30 Doradus: The Growing Tarantula Within
The star-forming region, 30 Doradus, is one of the largest located close to the Milky Way and is found in the neighboring galaxy Large Magellanic Cloud. About 2,400 massive stars in the center of 30 Doradus, also known as the Tarantula Nebula, are producing intense radiation and powerful winds as they blow off material.
Multimillion-degree gas detected in X-rays (blue) by the Chandra X-ray Observatory comes from shock fronts -- similar to sonic booms -- formed by these stellar winds and by supernova explosions. This hot gas carves out gigantic bubbles in the surrounding cooler gas and dust shown here in infrared emission from the Spitzer Space Telescope (orange).
30 Doradus is also known as an HII (pronounced "H-two") region, created when the radiation from hot, young stars strips away the electrons from neutral hydrogen atoms (HI) to form clouds of ionized hydrogen (HII). It is the most massive and largest HII region in the Local Group of galaxies, which contains the Milky Way, Andromeda and about 30 other smaller galaxies including the two Magellanic Clouds. Because of its proximity and size, 30 Doradus is an excellent target for studying the effects of massive stars on the evolution of an HII region.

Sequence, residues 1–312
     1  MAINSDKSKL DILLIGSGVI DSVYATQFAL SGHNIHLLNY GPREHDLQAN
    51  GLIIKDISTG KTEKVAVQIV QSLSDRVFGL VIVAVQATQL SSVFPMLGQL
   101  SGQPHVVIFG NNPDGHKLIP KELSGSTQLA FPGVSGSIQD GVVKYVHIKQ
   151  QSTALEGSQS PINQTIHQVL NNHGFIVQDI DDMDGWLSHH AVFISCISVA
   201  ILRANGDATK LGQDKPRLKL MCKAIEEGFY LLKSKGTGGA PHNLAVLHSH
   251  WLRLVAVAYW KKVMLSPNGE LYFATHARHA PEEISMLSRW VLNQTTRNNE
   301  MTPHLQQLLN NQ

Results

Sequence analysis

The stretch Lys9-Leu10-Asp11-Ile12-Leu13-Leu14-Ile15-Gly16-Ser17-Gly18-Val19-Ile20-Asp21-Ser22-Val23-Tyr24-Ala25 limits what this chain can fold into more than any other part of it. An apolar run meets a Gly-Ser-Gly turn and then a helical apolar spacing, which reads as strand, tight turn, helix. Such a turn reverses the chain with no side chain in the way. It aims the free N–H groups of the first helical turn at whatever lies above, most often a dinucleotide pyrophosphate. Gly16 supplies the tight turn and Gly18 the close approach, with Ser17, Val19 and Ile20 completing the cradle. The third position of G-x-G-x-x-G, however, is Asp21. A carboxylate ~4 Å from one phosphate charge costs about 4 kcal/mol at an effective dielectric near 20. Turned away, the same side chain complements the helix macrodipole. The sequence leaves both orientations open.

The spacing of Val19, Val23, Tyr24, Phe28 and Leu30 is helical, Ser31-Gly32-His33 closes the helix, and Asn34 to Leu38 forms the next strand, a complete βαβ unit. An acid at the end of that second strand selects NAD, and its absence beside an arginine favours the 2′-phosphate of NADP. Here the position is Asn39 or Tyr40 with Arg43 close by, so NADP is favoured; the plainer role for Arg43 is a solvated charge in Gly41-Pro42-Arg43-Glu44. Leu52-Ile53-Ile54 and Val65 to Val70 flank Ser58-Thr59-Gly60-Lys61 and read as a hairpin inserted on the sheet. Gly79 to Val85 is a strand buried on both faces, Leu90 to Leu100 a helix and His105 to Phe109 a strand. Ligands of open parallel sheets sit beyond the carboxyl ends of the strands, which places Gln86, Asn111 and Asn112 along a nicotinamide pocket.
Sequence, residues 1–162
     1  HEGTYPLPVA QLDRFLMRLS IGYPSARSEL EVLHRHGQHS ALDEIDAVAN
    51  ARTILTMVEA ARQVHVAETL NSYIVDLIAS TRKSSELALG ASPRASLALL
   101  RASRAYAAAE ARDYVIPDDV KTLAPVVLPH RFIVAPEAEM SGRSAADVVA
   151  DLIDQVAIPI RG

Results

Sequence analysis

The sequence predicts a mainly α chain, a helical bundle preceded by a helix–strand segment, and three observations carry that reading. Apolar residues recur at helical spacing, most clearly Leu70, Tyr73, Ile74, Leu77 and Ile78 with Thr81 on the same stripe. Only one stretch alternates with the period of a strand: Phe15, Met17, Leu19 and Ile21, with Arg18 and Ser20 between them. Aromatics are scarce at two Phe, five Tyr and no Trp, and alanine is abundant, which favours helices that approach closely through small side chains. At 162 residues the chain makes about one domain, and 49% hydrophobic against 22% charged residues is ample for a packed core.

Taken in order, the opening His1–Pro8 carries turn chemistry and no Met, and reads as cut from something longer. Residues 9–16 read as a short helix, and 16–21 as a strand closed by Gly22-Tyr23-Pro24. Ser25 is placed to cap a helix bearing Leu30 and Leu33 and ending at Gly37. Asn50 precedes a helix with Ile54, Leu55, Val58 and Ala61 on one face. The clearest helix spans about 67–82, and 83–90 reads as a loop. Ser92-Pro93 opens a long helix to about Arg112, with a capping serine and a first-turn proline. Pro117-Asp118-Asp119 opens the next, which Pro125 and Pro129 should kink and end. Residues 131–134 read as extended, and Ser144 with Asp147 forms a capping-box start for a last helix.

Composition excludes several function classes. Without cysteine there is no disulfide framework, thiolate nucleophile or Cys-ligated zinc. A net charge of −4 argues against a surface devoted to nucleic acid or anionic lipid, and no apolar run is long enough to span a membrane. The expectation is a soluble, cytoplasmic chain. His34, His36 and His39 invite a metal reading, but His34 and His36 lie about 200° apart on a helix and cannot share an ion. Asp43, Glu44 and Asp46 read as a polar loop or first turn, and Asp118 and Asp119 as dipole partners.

The Tarantula Nebula is expanding, and researchers have recently published two studies that attempt to determine what drives this growth. The most recent study concluded that the evolution and the large-scale structure of 30 Doradus is determined by the bubbles of hot, X-ray bright gas confined by surrounding gas, and that pressure from radiation generated by massive stars does not currently play an important role in shaping the overall structure. A study published earlier in 2011 came to the opposite conclusion and argued that radiation pressure is more important than pressure from hot gas in driving the evolution of 30 Doradus, especially in the central regions near the massive stars. More detailed analysis and deeper Chandra observations of 30 Doradus may help decide between these different ideas.
NASA's Jet Propulsion Laboratory, Pasadena, Calif., manages the Spitzer Space Telescope mission for NASA's Science Mission Directorate, Washington. Science operations are conducted at the Spitzer Science Center at the California Institute of Technology in Pasadena. Caltech manages JPL for NASA. For more information about Spitzer, visit http://spitzer.caltech.edu/ and http://www.nasa.gov/spitzer.